2.28.2010

Chile Chili

It seems like, as the winter marches on, I only want to eat soup or stews. That's it. Screw salads, toss out the sandwiches, forget nachos (yeah, I said it) and just give me a steaming bowl of hot deliciousness. But I've found myself bored with my standard vegetarian chili recipe. It never seems to have that intense flavor that I want so I took a trip to my local El Guero, and picked up a bag of dried pulla chiles. The small red chile has a sharp bite and before rehydrating, you'll want to chop off the stem and shake out the seeds, which contain the real heat, unless extremely hot inedible food is your thing.

I found that the addition of real chiles in my chili, really took my standard bowl of tomatoes and veggies over the edge (that's a good thing).

Pulla Chile Chili

one bag pulla chiles (about 12-15 chili pods)
3 stalks celery
3-4 cloves of garlic
small 8oz can of tomato sauce
a couple squeezes of tomato paste
one small onion
one can of black beans
one can of corn
cumin

garnish: crushed Saltines, chopped cilantro, sour cream, and lots of chedda' cheese!

1. Remove stems and seeds from dried chiles. (careful - don't touch your eyes or face until washing hands. the heat stays with you)

2. Place chile pods in boiling water, seasoned with veggie or chicken stock, salt, cumin, celery, chopped onion & garlic and tomato paste


4. Boil for about 15 - 20 minutes and puree in food processor, until chiles and onions are soft


5. Pour mixture into large saucepan, add corn, beans, season to taste and serve! (If mixture is too thick, add stock until you reach the desired consistency)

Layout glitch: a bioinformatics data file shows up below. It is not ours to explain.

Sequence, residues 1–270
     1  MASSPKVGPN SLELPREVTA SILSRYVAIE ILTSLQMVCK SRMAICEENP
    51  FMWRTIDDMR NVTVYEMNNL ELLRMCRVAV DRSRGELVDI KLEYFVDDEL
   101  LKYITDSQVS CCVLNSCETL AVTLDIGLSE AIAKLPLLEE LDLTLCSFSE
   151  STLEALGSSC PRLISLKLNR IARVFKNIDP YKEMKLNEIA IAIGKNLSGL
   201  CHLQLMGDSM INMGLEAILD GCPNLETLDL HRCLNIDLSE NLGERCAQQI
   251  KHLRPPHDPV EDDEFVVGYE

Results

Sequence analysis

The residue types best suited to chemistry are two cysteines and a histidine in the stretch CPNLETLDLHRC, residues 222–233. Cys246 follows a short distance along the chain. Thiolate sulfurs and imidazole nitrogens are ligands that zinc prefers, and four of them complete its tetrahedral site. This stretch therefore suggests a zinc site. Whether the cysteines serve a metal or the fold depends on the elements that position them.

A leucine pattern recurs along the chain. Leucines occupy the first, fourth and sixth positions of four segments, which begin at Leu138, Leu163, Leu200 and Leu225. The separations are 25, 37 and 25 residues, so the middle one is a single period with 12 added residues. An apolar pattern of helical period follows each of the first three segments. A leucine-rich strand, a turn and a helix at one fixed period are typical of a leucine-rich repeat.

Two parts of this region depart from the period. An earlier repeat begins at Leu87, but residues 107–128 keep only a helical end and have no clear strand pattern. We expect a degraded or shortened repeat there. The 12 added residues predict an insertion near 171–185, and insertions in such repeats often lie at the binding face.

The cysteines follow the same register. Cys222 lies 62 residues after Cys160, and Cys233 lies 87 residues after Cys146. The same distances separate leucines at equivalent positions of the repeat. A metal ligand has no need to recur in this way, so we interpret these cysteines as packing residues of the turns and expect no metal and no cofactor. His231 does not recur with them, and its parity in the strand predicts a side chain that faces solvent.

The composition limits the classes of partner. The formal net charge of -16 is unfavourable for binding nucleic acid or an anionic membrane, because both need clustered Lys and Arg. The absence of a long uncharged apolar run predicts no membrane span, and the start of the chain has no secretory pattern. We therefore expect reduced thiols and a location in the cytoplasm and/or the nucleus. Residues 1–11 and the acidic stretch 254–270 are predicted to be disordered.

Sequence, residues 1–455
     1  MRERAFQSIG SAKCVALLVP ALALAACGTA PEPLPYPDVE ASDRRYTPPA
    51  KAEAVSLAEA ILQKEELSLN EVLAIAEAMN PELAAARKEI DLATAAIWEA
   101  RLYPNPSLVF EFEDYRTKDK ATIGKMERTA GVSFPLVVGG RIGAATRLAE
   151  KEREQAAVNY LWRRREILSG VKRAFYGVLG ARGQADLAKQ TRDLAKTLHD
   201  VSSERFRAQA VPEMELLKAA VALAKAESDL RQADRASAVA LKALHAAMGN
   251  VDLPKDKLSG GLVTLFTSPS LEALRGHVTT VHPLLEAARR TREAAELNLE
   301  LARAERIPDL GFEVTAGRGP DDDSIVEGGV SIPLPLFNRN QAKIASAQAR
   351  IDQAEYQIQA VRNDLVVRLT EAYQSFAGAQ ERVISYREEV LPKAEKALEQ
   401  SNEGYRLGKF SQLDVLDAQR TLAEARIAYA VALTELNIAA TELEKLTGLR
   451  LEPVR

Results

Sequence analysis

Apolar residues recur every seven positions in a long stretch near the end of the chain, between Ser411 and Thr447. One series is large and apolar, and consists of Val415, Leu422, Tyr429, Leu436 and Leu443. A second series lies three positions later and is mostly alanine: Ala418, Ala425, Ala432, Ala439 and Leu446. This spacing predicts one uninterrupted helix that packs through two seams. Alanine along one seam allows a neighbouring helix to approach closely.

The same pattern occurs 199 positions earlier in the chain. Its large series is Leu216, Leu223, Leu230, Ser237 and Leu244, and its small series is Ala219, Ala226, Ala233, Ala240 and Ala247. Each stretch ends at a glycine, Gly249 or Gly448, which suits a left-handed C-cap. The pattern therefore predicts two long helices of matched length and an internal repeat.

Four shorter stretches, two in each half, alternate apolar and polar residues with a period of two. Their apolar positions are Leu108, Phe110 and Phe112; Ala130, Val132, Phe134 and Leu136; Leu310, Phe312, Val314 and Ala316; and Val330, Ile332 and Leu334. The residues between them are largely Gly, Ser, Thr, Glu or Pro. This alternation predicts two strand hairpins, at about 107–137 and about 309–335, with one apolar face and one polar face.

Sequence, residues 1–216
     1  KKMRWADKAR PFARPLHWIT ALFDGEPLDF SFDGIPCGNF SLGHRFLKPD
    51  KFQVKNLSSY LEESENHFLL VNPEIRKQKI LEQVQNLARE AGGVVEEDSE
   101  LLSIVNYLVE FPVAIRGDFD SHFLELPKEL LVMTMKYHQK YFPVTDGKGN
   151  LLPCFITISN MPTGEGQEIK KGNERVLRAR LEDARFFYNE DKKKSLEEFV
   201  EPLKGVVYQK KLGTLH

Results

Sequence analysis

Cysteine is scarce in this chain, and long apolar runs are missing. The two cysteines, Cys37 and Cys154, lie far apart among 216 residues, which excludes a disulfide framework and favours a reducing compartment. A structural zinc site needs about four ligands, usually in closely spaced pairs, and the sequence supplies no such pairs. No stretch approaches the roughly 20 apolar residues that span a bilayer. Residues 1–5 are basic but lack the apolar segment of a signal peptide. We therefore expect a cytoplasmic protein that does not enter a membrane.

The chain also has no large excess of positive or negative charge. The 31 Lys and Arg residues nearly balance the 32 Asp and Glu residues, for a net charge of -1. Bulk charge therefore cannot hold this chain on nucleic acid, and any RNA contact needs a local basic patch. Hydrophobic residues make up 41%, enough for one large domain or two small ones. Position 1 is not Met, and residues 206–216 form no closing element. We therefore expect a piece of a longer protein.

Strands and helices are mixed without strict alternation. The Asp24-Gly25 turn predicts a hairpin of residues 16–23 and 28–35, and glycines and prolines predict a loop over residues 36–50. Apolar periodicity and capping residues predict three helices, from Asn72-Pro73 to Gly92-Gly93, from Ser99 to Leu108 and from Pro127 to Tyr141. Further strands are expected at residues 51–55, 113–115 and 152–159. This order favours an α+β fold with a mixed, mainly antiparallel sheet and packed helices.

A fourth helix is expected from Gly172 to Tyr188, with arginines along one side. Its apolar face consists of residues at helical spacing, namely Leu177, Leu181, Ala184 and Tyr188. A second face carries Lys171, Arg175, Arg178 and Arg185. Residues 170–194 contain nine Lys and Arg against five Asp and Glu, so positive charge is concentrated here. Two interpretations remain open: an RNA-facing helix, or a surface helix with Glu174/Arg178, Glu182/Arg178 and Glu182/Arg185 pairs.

2.24.2010

Mystery Vegetable


LA blogger Smitty here with a vegetable challenge
Can you name this vegetable? I bought it at the LA farmer's market the other day, but I can't remember the name of it. The lady at the stand told me what it was, but the name was at least 3 syllables and impossible to remember. She said I could chop it and put it on salad, or I could roast it, and that it would taste like celery. Well, tonight I chopped it (looks like an apple when you chop, only there's no core) and roasted it and I can't say it tasted like celery -- more like a radish crossed with a zucchini. Anyway, take your guesses in the comments!

2.22.2010

Armando in the Kitchen



Name: Armando
Age: 29
Occupation: Lover
Resides in: Ukie Village, Chicago

1. Fav restaurant in Chicago - brand spankin' new or an old stand by:

Kuma's Corner. I'm 2/3 through their burger menu and the make your own mac n cheese isn't too shabby either. Oh yeah, did I mention their beer list? I already know which burger is next on my list. Led Zeppelin will be conquered soon!

2. If you could have dinner with any chef or food personality, who would it be and where would you go?:

Lidia Bastianich. I get excited every Saturday morning because I love watching the cooking shows on PBS. I considered Rick Bayless but he seems kinda corny, although certainly the food would be terrific. Lidia, on the other hand, seems cool and would be fun to hangout with in the kitchen. My exposure to Italian cuisine is minimal at best. Lidia's Italy is a great show and make me curious about trying more Italian food. Also, importantly she always pairs wine with all of her meals. It would be awesome just to hang around her kitchen drinking wine and listening to records while she makes dinner.

3. What hasn’t been battered and fried that you think should be?

Yes Please! Hmmm, I have to think about this one. Fried peanut butter and jelly sandwiches sound pretty freakin' amazing or how about a piece of chocolate cake. Could be lovely, don't you think? I have a feeling someone somewhere in the world may have already tried either though. Too bad The Prodigal Son had to go and burn down.